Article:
It's an interesting way to present a very ancient idea. (I also like The Egg by Andy Weir as an idea engine to get the mind to relax around the idea of infinity.) A lot of times it leads to a discussion about which path you would have chosen in that situation. Would you have selected a dangerous path, a safe path, a path rife with decisions points? Or would could you have possible just gone along to help?

Personally, I think that's where I noticed a crack in the hard edge of my ego. My path may not be my path. I might just be here to meet someone one at some time to say or do something that's almost scripted so that a set of experiences happen that was agreed upon. Is that possible? And then what is the ego except the part you play? 

Think about that. The ego is just the part you play.

So what happens when you toss out the script and improvise? Is that bad? Wasn't the Universe expecting you to hold up your end of the script?

Not necessarily. I think that it's possible to ditch the script, become aware and walk the path consciously. The ego is gone and the way is suddenly clear. Forks in the road become conscious choices as opposed to blind decisions spurred by a function of the ego. Bumps and potholes suddenly become opportunities to learn and grow. The path becomes golden, your experience more real. 

The ego just defines the part. And now I'm curious about the actor playing the part. Can I even say that I know him?

Which brings us back to the slow dissolution of the ego. A gentle perusal of what lies beneath the veneer of a carefully (or perhaps not so carefully) defined role.  I am not proposing radical changes. I just want to test the edges and see if I can live a bit more consciously and a little less driven. 

Although, that alone could lead to some very interesting forks in the path.

Wednesday, July 24, 2013

New Yoga Mat Review: myMAT by Manduka

I went with a cheap 3mm basic mat from the local big box to get started but quickly discovered that 3mm isn't enough for my trick knee at the moment. At the same time I didn't want something so think that it took away from the balancing postures. I am quickly learning that I need to feel the floor to balance and since balance is one of my challenges, I'm not going to put a 1/2 inch of foam between me and the floor.

The next size up at the local big box was a 5mm thick mat.  The 3mm mat ran about ten dollars while the 5mm, sporting a whopping 2 more millimeters, was sixteen dollars and the same dimensions. From there, they went to 1/2 inch thick fitness mats that were actually shorter that the yoga mats for around twenty dollars.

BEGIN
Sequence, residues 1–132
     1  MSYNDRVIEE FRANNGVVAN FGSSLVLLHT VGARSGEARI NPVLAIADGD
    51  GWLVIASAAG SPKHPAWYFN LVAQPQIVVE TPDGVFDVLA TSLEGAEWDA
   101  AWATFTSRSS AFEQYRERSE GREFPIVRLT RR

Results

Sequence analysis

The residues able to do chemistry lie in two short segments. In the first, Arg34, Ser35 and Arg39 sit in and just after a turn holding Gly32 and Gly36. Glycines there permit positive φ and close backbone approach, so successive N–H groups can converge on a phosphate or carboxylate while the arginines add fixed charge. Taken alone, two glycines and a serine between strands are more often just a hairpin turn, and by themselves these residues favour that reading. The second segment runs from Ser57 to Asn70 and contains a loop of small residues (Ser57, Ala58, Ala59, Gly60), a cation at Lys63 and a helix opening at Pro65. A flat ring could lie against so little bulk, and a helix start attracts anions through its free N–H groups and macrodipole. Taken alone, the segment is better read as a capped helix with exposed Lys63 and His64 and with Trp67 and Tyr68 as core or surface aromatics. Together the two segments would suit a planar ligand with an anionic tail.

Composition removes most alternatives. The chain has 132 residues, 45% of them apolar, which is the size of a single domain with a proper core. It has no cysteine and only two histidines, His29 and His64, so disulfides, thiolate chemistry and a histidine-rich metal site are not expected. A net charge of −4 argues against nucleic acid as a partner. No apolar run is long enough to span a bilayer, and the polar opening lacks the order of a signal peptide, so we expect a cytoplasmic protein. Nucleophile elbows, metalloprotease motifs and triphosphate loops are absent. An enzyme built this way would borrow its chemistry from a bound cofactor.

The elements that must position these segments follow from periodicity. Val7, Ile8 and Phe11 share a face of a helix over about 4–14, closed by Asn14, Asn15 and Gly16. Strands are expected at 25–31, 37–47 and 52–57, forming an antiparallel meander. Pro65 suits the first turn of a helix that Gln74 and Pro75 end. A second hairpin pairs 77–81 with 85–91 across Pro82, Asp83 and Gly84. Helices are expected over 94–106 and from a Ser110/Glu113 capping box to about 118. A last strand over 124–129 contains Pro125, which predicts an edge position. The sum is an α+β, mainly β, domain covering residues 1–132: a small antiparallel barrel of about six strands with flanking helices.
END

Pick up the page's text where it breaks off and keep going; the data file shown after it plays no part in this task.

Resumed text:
So I was done with the big box.

I started looking online and almost immediately found  1/4 inch myMAT from Manduka and then spent some time staring at a ruler trying to decide if a 1/4 inch was too thick or too thin. But the price was right, the reviews were good and it was longer than the mat I had so I decided to take the chance.

So two days later (thank you, Amazon Prime), I had the mat and I got a first hand look at the thickness. Not too thick, not too thin. Probably just right. But it would take a couple of sessions at the studio to really test it.

A couple of the reviews on Amazon mentioned a chemical smell once you take it out of the package and I noticed it as well but after a wipe down with mild soap and water and the laying out for a day, the smell was gone. Even up close.

Now, I've had it for two classes, an energetic Beginner II class and a more rooted and pose heavy Intermediate/Advanced class. The new mat performed well in both.  It stays where you put it and is just sticky enough to give you some footing without being so sticky you have to peel it off everytime you move. The 1/4 inch padding is just right between a hard surface and a sometimes tender knee without sacrificing the grounding effect of feeling the floor. I like the extra length (74 inches) although I could probably even use and extra inch or two but then I would be sucking up real estate in class so I think I can make do.

So for the money, it's a great mat for the level I'm at. I could spend a lot more money on a fancier mat (check the link to the store at the top of the page for some pricier selections) but I think this one could take me quite a ways into this new practice.

There are other colors available as well.  Here's the link for shopping and parusal:  1/4 inch myMAT from Manduka

Friday, July 19, 2013

Yoga, Heavy Metal and World Peace

I'm trying not to drown in the near infinite sea of information that is the Internet concerning all things yoga to the point that I've declared a moratorium on surfing the subject until I'm further along. There is so much information out there and some of it doesn't match up. So I will stick to the reading list and pay attention in class for now and focus. Teacher has mentioned once or twice how it's possible to be addicted to information which can rob you of the experience of the moment and I swear she's looking at me every time she brings it up.

But, still, I have found some things and made some observations.  For instance, this site explains mudras which are various hand positions that provide a variety of effects. My understanding is that "mudra" basically means "energy seal". Very interesting stuff and it explains of a lot of the meditation poses one might see where the fingers are curled in various configurations while resting on the knees or lap.

One mudra in particular caught my eye which was the Apana Vayu Mudra which is the "Gesture of the Heart". According to this particular website, at least. And it just so happens to bear a remarkable resemblance to this pop-culture gesture.